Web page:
Home / World / Filipino man dies after being forced to do 300 squats to destroy the COVID-19 curfew.

Filipino man dies after being forced to do 300 squats to destroy the COVID-19 curfew.



On April 1, 28-year-old Darren Manaog Peñaredondo left his home in General Trias, a town in the province of Cavite, which is under block due to an increase in Covid-19 infections to buy water, his family said, according to CNN. CNN Group of the Philippines

But he was banned by the police 100 times, according to the report. The police made him repeat the exercise, meaning he finally managed to do about 300 repetitions.

“He started seizing on Saturday. But we were able to make him wake up at home, then his body crashed, so we raised him again. But he was asleep, ”his family said, according to the report. The family said the Peñaredondo died at 1

0 p.m.

The Philippines has one of the highest reports of COVID-19 infections in any country in Asia, with more than 819,000 cases and 14,000 deaths, according to Johns Hopkins University. A sharp rise in domestic cases last month forced authorities to order more than 25 million people to exit prisons, including in Cavite province.

The interior ministry and local government and the city’s mayor, General Trias, ordered an investigation into Peñaredondo’s death, according to reports.

The Philippines jailed more than 25 million people over Easter as COVID-19 infections skyrocket.

“All police officers who are proven to violate the law will be prosecuted and subject to suitably (administrative) and criminal penalties,” Chief Secretary Jonathan Malaya said in a message to CNN Philippines.

Peñaredondo’s death was followed by a series of incidents involving brutal healing techniques.

In a statement last month, the nonprofit Human Rights Watch (HRW) pointed to reports that officials had locked five young people in dog cages for violating detention. It was also reportedly forcing people to sit in the sun as a punishment for violating the curfew.

Jose Manuel Diokno, a lawyer and founder of the Free Legal Assistance Group (FLAG), said it was illegal to caged or squat people 300 times. “The only penalties that law enforcement can impose for all kinds of violations are those found in local and national laws, and we don’t have any laws that allow people to be caged or exercised. For a long time A moment, ”he said.

The tough way to limit COVID

The Philippines takes strict guidelines for the coronavirus.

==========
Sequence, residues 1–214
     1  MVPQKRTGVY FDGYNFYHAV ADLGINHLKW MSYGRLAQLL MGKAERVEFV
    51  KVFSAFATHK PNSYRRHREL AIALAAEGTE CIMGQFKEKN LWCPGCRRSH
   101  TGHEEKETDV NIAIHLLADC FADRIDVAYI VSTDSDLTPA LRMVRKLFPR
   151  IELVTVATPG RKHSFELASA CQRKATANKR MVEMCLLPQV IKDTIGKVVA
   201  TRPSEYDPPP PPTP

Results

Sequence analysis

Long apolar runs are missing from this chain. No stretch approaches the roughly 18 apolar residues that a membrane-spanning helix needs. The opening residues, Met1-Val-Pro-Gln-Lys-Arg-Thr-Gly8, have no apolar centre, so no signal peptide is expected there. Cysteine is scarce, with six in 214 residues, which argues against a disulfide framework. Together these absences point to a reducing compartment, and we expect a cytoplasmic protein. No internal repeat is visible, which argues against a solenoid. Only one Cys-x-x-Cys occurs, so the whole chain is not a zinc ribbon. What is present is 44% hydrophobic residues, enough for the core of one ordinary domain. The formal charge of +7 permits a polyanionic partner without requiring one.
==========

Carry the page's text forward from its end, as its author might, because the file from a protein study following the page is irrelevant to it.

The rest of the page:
President Rodrigo Duterte used his traditional strong tactics, saying in April last year that police would shoot dead people in violation of virus restrictions. “I will not hesitate. My order is military police. And the Barangans: If they’re stubborn and they fight you and your life is endangered, shoot them to death, ”Duterte said.
Lots of people were detained for breaking the restrictions. In the past 12 months Between March and August last year, nearly 290,000 people were warned, fined or charged with violating quarantine rules, CNN Philippines reported. Since Duterte laid the Philippines’ main island of Luzon on March 16 this year, hundreds of people have been arrested in Manila, HRW said in March.
Police officers inspect motorists at a quarantine station on March 29, 2021 in Marikina, Metro Manila, Philippines.
The Philippine authorities insisted that stringent approaches were needed to contain the country’s outbreak, but Carlos Conde, a senior researcher at HRW based in the Philippines, said the escalating cases showed the measures had not been effective. But he said the decision to arrest more people is likely to see people. “Packed like a sardine” into a crowded prison without social distension.

The evacuation order also hurt people who had to leave their homes to work, he said, adding that the measure was “ not the case. ” “Against the very poor”

In an annual report released this week, Amnesty International criticized the Philippine approach, saying: “The measures the government has taken to stop the spread of COVID-19 has led to massive human rights violations.”
Last month, Duterte defended using a former soldier in the fight against COVID-19, saying “You don’t have to be a doctor here,” according to CNN Philippines. CNN contacted the Philippine Information Authority. Formally to ask for comment.

Reduced freedom

Brutal remedies have been a problem for years in the Philippines. Since Duterte came to power in 2016, thousands of people have died in the It was “war on drugs” after the president ordered the police to kill anyone they believed was involved in drug trafficking.

But activists say the outbreak has further degraded freedom and human rights.

According to Conde, the major problems Is The government considers Covid-19 a public safety issue – not a health issue. The too broad roles given to soldiers and police only increase the prevalence of aggressive treatment tactics, he said.

“I think the police, the military and the local government are more daring to abuse human rights during the epidemic,” he said.

A police officer takes a picture of a person allegedly violating a curfew at a quarantine checkpoint on March 29, 2021 in Marikina, Metro Manila, Philippines.

Said the lawyer Diokno. “Just got advice from their boss,” referring to Duterte.

There were implications beyond those arrested for violating the quarantine. According to HRW, there were deaths from The “war on drugs” increased 50% from April to July 2020 compared to the past four months.

Diokno said human rights “very clear” were cut down by the epidemic. “In addition to life lost, the first victim of the epidemic was democratic rights and freedoms,” he said.


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